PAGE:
It never ceases to amaze me that people have to look for a link or a button that says “Print” on a web page, especially considering there’s a miracle technology that makes that step unnecessary. Sadly almost nobody uses it, even though it’s… 10 years old.

Not only is it silly to require an extra step for printing, but using print stylesheets would save some ink for anybody that doesn’t use the printable link. And of course, there’s loads of people that use print-to-PDF to save articles for later without wasting paper.

What Are Print Stylesheets?

Most web sites implement their print function by taking you over to another page, which is formatted differently for printers – but this really isn’t necessary. Every browser implements a simple CSS technology known as Print Stylesheets, which is nothing more than a file that specifies elements to hide when your browser prints the page.

For those that are unfamiliar, CSS means Cascading Style Sheets, and it’s how your browser knows how to format the HTML source code for a web page into what you actually see on the screen. Everything from fonts, colors, borders, and even background images can be specified in the style sheet.

Adding a print stylesheet is as simple as plugging this one single line into your page HTML—the media=print part of the code tells the browser to only use this style sheet when printing.

<link rel=”stylesheet” href=”print.css” type=”text/css” media=”print” >

This file generally looks something like this:

#sidebar, #footer, #navigation, #sharinglinks, #topad, #comments { display:none }

Yes, it’s really as simple as that. So how does it work? Here’s an example of a normal web page on the left, with all of the navigation, logo, and ads clearly visible with the ID associated – and on the right, the same page with the print stylesheet applied, hiding all of those elements.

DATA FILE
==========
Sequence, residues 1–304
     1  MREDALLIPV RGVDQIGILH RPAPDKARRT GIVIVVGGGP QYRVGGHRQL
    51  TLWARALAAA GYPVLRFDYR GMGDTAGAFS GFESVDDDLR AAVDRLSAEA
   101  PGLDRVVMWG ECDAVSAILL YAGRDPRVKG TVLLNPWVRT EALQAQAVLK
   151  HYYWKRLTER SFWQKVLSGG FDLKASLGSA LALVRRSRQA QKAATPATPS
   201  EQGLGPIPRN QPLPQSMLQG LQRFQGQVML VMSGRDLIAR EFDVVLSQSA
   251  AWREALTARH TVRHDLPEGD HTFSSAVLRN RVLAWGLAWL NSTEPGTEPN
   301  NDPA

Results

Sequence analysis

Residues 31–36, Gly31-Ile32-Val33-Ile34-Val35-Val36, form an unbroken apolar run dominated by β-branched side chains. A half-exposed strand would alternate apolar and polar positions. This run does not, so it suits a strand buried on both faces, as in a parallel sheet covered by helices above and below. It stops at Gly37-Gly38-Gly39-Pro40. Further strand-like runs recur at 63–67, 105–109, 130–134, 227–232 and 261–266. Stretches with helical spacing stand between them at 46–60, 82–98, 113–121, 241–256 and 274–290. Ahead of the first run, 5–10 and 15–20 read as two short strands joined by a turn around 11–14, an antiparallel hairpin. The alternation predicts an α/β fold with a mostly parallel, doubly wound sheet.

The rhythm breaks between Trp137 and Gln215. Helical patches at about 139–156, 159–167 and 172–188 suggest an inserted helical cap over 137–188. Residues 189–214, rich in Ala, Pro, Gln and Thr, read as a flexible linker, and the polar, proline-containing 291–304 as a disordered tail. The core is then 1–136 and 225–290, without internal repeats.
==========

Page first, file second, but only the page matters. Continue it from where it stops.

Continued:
Obviously you’d prefer to print one of these over the other, right?

Examples of Print Stylesheet Failure

Unfortunately, there are just loads of huge web sites that haven’t bothered to implement this at all. Take a look at what happens when you try to print from the New York Times:

Some sites, like the Gawker network of sites, are even worse. Not only do they not have a printable view, when you do try and print, it resembles ink soup. As far as we can tell, there’s no way to print from a Gawker site without using a separate service like Readability, or manually highlighting the content on the page, which is nearly impossible on their new design.

It’s sad, really. Loads of the largest sites just completely fail to bother implementing this feature.

Thankfully, Some Sites Do Use Them

Here’s an example of a properly formatted printable view – without having to bother finding some print link. The BBC News site neatly formats the articles for print, complete with a custom header. They do include comments in the print view, but it’s still a job well done.

There’s quite a few other sites that do the same, like ArsTechnica and… our site, but it would be silly to show screenshots of all of them. In our research, the sites that properly implemented them are few and far between.

So to wrap up… please take the 5 minutes required to implement a print stylesheet for your site!

Profile Photo for Lowell Heddings Lowell Heddings
Lowell is the founder and CEO of How-To Geek. He’s been running the show since creating the site back in 2006. Over the last decade, Lowell has personally written more than 1000 articles which have been viewed by over 250 million people. Prior to starting How-To Geek, Lowell spent 15 years working in IT doing consulting, cybersecurity, database management, and programming work.
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